3. Rheumatoid Factor - The rheumatoid factor is an antibody produced by the immune system. The test that detects the presence of this antibody is done to diagnose a rheumatic disease.

  4. Antinuclear Antibody - This is also a type of antibody produced by the immune system and is found in people with an autoimmune disease. The antinuclear antibody test is conducted to detect this antibody.

  5. Cyclic Citrullinated Peptide (CCP) - This is also another antibody that might be present in the blood of children with juvenile arthritis.

  6. HLA-B27 - The human leukocyte antigen B27 is a protein found in people with some autoimmune conditions. The presence of this antigen is associated with enthesitis-related juvenile arthritis.

  7. Imaging Tests - X-ray or MRI is done to rule out infections, fractures, or other conditions that can cause joint pain and redness.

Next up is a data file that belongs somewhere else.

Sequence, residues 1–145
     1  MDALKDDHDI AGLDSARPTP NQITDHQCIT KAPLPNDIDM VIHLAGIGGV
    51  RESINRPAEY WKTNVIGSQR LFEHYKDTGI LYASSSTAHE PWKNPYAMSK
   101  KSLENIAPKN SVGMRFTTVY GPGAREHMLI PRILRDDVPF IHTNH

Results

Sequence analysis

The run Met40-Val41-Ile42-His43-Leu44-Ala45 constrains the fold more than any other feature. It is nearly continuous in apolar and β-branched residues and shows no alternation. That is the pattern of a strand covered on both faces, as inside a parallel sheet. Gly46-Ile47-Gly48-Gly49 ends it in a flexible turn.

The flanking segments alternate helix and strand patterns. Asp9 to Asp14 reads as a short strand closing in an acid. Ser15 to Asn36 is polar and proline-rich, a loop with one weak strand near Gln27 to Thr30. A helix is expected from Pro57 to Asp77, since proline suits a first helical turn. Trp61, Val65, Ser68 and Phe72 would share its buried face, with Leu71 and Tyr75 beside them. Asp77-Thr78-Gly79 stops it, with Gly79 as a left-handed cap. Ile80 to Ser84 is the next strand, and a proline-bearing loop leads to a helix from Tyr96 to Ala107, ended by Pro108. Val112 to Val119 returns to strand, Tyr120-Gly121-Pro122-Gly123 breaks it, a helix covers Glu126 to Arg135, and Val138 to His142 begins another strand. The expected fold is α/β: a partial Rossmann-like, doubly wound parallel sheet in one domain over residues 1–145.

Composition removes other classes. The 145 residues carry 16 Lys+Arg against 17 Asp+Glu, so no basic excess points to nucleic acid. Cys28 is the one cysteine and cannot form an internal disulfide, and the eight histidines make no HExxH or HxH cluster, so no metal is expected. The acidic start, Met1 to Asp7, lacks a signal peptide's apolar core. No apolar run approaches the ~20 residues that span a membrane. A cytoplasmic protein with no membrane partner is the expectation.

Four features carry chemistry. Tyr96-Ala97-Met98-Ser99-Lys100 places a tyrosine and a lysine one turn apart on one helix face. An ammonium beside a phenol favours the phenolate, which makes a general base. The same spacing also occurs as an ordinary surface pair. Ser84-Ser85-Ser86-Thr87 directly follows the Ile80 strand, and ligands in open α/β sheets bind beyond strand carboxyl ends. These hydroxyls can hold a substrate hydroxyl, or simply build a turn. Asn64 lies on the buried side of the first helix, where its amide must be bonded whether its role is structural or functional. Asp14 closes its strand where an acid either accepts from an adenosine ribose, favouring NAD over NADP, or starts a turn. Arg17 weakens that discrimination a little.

How Is Juvenile Arthritis Treated?

Juvenile arthritis treatment focuses on maintaining the child's normal level of physical and social activities. For this, the following treatment options are available:

1) Home Remedies:

2) Medications:

3) Physical Therapy:

A physical therapist will help the child perform exercises to keep the joints flexible and maintain muscle tone. An occupational therapist will also be needed to help the child use splints to protect the joints.

4) Surgery:

Rarely surgery might be needed for juvenile arthritis.

What Are the Possible Complications of Juvenile Arthritis?

If left untreated, juvenile arthritis can lead to:

  1. Anemia.

  2. Joint damage.

  3. Uneven limbs.

  4. Inflammation around the heart (pericarditis).

  5. Severe and long-lasting pain.

  6. Stunted growth.

  7. Vision changes.

Conclusion:

Most children with juvenile arthritis go into remission after a few years. But in some cases, the child might experience frequent flare-ups, and the possibility of inflammation spreading to other joints and organs increases. For more information, consult a doctor online.

Frequently Asked Questions


1.

Does Juvenile Rheumatoid Arthritis Last Lifelong?